DirecTV serves first interactive US Open tennis coverage
DirecTV and the USA Network will provide the first interactive TV coverage of the 2006 US Open tennis tournament. It will be similar to the groundbreaking interactive Wimbledon service developed by the BBC in the UK, which has proved to be one of the most appealing and popular applications of interactive television to date.
Available free to DirecTV satellite television customers across the United States, the interactive service will expand the USA Network national coverage of the tennis tournament.
It will provide up to 300 hours of tennis coverage, with more than 100 additional matches, with access to early-round stages, statistics and the ability to select from up to five courts from a multiscreen US Open Mix channel.
Eric Shanks of DirecTV called it “the biggest advance for tennis fans since colour television”.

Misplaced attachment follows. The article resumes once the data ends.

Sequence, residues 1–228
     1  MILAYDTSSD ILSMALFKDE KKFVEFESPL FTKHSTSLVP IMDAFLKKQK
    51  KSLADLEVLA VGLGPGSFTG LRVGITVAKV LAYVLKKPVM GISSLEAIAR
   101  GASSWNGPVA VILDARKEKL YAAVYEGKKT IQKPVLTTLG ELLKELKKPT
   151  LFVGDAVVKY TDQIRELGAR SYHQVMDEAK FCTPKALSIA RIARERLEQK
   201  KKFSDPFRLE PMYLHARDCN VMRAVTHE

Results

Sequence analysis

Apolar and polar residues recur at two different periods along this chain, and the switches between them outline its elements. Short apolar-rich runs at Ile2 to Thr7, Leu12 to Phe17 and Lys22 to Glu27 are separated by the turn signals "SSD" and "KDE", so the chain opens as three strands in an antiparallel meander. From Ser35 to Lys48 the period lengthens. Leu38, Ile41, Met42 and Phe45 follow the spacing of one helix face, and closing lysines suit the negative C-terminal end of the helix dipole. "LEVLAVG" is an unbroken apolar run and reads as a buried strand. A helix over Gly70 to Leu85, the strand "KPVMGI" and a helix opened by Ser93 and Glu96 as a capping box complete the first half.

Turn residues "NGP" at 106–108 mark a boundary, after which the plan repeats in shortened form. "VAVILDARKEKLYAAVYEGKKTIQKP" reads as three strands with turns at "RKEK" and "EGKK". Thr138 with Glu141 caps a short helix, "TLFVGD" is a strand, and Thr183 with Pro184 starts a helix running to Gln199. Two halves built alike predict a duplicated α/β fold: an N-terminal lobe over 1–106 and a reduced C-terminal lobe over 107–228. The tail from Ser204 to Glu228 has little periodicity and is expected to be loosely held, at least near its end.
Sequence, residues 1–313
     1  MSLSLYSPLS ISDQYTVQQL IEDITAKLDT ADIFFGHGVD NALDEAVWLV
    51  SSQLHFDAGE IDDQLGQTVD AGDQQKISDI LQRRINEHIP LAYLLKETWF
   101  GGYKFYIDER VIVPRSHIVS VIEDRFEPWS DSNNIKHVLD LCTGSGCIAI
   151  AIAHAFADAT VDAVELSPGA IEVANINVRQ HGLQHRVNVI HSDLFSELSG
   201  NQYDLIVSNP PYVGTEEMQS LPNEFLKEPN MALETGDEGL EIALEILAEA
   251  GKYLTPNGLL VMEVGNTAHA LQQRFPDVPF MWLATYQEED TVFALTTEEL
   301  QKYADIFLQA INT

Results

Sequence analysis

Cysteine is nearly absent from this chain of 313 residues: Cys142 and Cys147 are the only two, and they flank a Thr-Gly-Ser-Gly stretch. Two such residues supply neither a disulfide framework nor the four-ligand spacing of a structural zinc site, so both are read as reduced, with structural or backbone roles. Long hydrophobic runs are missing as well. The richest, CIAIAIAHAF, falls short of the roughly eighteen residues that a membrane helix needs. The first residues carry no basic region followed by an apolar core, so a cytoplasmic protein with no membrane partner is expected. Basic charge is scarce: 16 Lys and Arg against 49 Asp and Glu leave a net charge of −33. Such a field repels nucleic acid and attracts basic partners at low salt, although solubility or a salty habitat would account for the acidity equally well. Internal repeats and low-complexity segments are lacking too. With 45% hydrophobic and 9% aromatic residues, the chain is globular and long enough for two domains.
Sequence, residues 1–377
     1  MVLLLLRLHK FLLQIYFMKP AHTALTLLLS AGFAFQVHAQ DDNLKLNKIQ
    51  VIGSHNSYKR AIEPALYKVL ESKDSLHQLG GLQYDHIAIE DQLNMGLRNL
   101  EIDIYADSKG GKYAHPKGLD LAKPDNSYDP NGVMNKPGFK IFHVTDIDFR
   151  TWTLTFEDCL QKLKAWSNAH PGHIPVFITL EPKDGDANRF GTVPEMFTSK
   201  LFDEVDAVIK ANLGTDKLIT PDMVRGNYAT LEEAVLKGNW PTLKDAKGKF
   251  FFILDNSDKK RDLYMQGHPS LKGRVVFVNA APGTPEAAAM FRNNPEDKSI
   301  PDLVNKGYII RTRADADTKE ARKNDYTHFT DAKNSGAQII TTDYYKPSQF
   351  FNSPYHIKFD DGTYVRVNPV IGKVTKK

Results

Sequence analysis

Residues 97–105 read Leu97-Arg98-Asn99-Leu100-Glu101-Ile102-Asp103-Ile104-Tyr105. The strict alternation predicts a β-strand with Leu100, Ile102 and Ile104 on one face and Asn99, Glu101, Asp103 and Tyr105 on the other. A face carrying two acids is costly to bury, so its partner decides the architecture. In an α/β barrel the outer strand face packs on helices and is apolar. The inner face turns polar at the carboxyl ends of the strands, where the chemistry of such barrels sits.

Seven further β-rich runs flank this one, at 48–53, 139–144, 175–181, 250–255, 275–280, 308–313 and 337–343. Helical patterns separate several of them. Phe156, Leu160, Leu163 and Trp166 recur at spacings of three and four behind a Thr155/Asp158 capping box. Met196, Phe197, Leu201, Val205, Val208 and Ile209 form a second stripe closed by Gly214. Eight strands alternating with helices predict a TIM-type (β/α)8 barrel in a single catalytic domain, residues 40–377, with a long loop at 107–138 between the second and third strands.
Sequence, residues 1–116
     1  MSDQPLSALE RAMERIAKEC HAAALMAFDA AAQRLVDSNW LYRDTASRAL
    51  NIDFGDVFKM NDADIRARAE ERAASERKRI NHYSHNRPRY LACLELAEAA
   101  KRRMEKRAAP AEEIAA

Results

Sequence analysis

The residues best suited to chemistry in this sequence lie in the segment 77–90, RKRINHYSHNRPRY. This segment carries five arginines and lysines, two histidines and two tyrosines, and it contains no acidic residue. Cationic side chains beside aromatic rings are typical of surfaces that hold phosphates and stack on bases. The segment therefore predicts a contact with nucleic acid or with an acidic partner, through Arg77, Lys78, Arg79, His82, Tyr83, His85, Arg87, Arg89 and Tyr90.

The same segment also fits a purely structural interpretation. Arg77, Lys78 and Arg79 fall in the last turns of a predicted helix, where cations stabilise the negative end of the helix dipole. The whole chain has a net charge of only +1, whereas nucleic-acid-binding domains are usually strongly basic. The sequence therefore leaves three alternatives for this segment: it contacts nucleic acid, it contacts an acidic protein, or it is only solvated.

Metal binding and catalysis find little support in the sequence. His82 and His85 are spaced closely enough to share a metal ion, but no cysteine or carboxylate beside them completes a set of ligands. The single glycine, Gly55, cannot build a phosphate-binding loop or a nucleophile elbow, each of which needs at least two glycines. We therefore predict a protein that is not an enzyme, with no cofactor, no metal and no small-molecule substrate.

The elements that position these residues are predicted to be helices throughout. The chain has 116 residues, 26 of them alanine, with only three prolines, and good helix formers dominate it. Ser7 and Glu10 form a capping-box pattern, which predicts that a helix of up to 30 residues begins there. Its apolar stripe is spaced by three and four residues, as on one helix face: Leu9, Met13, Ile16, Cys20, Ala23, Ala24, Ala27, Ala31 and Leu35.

It follows the highly successful interactive Wimbledon service which premiered on the BBC in the UK in 2001 and remains one of the most popular and eagerly anticipated interactive television services, now available across satellite, terrestrial and cable platforms.
DirecTV viewers will be able to enjoy five channels of expanded coverage, covering all the action on the featured courts during the first five days of the US Open.
Subscribers with interactive receivers will also have access to an overlay screen providing results and details of forthcoming matches.
“We’re excited by the notion of combining USA Network’s national coverage of the US Open with DIRECTV’s interactive television innovations to create the ultimate US Open experience for viewers,” said Bridget Baker, executive vice president of NBC Universal Cable, which operates the USA Network.
“Each year, dramatic storylines unfold during early round matches from many places at the USTA Billie Jean King National Tennis Center, so it makes perfect sense to provide tennis fans access to as much of this drama as possible, as it occurs.”
DirecTV has previously offered similar interactive features with its NFL Sunday Ticket and NCAA March Madness subscription sports packages, but the tennis coverage will offer an opportunity to reach a broader audience.